However, he had several very nice swings last night. In a perfect world Jake stays healthy the second half and rakes as I and many others thought he would when he was first acquired.

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His numbers may not be any more impressive, but Jake has impressed me compared to last year. He isn't trying to play his power with that loopy swing. He's staying back on the ball, driving it nthe opposite way, and still jumping on those inside pitches. He is noticibly a much better complete hitter, and I think we just need to be a little more patient.

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Statistically he was the worst full time first baseman in baseball last year. No one else was bottom 3 in ops and fielding percentage. He's got to show something in the second half, but I truly believe it won't make a difference for 2008 Jacobs is our guy so whatever...yeah its a nice upgrade to think about but meh.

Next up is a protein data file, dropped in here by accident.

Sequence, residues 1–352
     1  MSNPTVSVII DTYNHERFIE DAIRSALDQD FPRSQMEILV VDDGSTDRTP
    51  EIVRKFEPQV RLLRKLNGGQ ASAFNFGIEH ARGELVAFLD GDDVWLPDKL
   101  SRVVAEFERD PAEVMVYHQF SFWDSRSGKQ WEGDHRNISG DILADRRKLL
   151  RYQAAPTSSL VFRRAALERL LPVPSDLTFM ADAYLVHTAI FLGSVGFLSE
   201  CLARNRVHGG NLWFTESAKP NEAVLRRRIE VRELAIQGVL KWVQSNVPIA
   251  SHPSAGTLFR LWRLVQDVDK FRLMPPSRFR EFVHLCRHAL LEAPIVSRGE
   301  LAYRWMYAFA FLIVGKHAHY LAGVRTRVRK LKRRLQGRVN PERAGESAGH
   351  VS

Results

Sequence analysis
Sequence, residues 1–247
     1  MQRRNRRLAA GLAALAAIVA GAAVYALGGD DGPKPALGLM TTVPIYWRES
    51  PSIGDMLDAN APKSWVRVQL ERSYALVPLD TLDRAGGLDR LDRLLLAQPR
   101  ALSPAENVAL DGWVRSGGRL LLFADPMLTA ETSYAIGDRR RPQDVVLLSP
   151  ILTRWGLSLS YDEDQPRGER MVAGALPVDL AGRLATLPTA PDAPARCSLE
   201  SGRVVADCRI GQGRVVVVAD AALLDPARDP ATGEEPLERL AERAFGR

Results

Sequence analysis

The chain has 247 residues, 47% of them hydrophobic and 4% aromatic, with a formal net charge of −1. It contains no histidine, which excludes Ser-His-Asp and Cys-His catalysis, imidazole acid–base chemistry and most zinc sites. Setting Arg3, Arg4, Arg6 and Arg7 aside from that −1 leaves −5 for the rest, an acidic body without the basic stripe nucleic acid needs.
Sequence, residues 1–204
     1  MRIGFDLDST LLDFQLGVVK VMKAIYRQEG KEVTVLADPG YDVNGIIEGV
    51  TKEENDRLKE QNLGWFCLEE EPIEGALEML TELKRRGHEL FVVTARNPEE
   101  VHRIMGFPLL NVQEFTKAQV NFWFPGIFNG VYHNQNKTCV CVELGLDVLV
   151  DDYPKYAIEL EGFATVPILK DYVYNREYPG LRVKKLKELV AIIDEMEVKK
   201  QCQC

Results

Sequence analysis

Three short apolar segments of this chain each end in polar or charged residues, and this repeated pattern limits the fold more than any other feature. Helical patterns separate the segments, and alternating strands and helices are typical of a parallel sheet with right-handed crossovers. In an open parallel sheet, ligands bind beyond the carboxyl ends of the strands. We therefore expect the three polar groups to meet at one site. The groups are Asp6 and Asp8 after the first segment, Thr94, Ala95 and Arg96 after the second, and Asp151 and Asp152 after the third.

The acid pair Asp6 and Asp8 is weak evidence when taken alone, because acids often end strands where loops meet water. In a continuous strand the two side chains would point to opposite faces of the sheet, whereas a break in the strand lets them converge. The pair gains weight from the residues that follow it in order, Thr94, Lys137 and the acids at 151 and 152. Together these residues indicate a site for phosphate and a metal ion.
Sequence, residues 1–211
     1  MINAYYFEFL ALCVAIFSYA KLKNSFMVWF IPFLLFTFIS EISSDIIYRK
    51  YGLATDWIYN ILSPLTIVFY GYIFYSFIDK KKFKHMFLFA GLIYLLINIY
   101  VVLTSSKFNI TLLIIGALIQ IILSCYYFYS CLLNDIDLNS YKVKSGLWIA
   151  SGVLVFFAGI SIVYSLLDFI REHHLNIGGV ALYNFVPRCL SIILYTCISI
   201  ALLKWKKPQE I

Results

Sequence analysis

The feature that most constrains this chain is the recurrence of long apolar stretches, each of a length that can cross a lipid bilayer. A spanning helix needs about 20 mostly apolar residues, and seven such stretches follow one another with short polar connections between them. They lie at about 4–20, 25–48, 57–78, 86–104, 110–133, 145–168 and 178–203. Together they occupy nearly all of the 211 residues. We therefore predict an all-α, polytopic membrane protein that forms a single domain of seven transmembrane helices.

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He had a .850somethin OPS before going down with an injury.

 

Since coming back he slumped. Do to his limited ABs, this killed his current OPS.

 

I have no problem getting rid of Jacobs, as long as we're better by doing it. And I still have faith in him. I think he can put up a .850-.900 OPS if he's healthy over a full season. He's got a good eye and good pop. It's not amazing, but the question is who can we replace him with that's better? Willingham at first is fine and all, but that then means we need someone in left field.